Schools may not be a significant driver of Covid infections, scientists find

Researchers urge caution over lockdown restrictions being lifted

Shaun Lintern
Health Correspondent
Monday 15 February 2021 20:07 GMT
<p> Analysis ‘suggests that the risk is much lower in primary than secondary schools,’ said lead researcher  Dr Mike Tildesley  </p>

Analysis ‘suggests that the risk is much lower in primary than secondary schools,’ said lead researcher Dr Mike Tildesley

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Schools do not play a significant role in the spread of coronavirus, according to a study published at a time when Boris Johnson prepares to decide on lifting lockdown and reopening classrooms.

Scientists at the University of Warwick said their research showed children going to school in November did not lead to wider outbreaks of the virus.

The prime minister has said no decision has yet been made on when schools might reopen to all children, although a review of restrictions has started during speculation that schools could reopen on 8 March.

Mr Johnson said the end of lockdown would be “cautious but irreversible”, with target dates for relaxing restrictions set out in a roadmap due to be revealed next Monday.

Lead researcher Dr Mike Tildesley, said: “Our analysis of recorded school absences as a result of infection with Covid-19 suggests that the risk is much lower in primary than secondary schools and we do not find evidence to suggest that school attendance is a significant driver of outbreaks in the community.”

In a briefing with journalists on Monday he warned the results were likely to be an underestimate of the true number of cases because some children may only have mild symptoms, or no symptoms at all.

On reopening schools he said: “I think with any form of relaxation we need to approach it with an element of caution. We do know that any form of reopening, even with this evidence, whether it be schools or otherwise, will result in an increase in the R number.

“There is still some uncertainty as to what the effect will be of school reopenings on the R number so I would say a cautious stepwise approach, in any setting, is really what's needed so that we can avoid a resurgence.”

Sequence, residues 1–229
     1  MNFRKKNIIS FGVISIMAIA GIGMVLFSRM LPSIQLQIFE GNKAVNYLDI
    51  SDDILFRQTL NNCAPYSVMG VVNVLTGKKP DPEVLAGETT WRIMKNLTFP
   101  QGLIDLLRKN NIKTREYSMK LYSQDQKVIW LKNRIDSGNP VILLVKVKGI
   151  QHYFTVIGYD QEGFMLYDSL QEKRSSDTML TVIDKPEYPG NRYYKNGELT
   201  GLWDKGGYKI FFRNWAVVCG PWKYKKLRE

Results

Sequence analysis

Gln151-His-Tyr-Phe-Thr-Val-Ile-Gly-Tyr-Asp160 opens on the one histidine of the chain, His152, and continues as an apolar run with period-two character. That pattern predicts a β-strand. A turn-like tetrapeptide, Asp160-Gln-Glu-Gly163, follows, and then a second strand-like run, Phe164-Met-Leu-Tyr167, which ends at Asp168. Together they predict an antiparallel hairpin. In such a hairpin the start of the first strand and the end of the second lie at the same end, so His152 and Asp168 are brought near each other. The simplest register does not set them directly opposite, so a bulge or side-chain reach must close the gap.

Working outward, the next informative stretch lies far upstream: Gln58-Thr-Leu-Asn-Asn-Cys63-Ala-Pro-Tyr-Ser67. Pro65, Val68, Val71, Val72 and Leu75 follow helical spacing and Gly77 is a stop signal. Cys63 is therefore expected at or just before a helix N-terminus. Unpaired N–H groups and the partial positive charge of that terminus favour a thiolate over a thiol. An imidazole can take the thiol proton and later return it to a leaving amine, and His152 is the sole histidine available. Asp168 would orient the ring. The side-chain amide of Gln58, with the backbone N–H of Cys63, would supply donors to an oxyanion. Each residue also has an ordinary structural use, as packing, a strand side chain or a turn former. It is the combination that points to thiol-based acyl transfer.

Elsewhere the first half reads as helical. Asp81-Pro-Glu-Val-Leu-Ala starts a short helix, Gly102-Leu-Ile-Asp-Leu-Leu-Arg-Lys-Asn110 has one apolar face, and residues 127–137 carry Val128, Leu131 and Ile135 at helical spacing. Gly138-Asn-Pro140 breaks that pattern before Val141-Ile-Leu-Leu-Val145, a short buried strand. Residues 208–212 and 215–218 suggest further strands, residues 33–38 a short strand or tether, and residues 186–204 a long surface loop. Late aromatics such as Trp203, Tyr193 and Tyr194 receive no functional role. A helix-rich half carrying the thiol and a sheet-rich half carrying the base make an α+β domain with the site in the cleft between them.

The research, which looked at data on school absences in England from September to December, found cases of infection among teachers fell during the November lockdown despite schools in England staying open.

Cases in secondary school pupils increased for the first two weeks of the November lockdown in many regions before decreasing.

In December, the data showed a large rise in the number of absences due to confirmed infection in secondary schools in the southeast and London, but this was not seen in other regions or primary schools. This could be due to the emergence of a new, more transmissible variant.

Dr Edward Hill, from University of Warwick, added: “During the first two weeks of the November lockdown we observed an increase in pupil absence as a result of infection with Covid-19, yet in the following weeks the data indicates that in several regions there was no subsequent rise in Covid-19-caused teacher absence.

“It is important to note that our findings only refer to cases reported in school children and teachers, and do not provide an indication as to whether these individuals were infected within the school environment.”

He added that the risk for children was not zero and that ministers needed to consider the “trade-offs” over the risks from Covid-19 with children being away from school for a sustained period of time.

“When schools reopen it can increase mixing in other settings because parents are more likely to be able to go into the workplace and so forth. I think when any such school reopening policy happens we need to think very carefully about making sure that we can keep our mixing as low as possible in other aspects of society so that we can have schools reopen safely.

“I think we all agree that children being in school is extremely important but we want it to happen in the safest possible way.”

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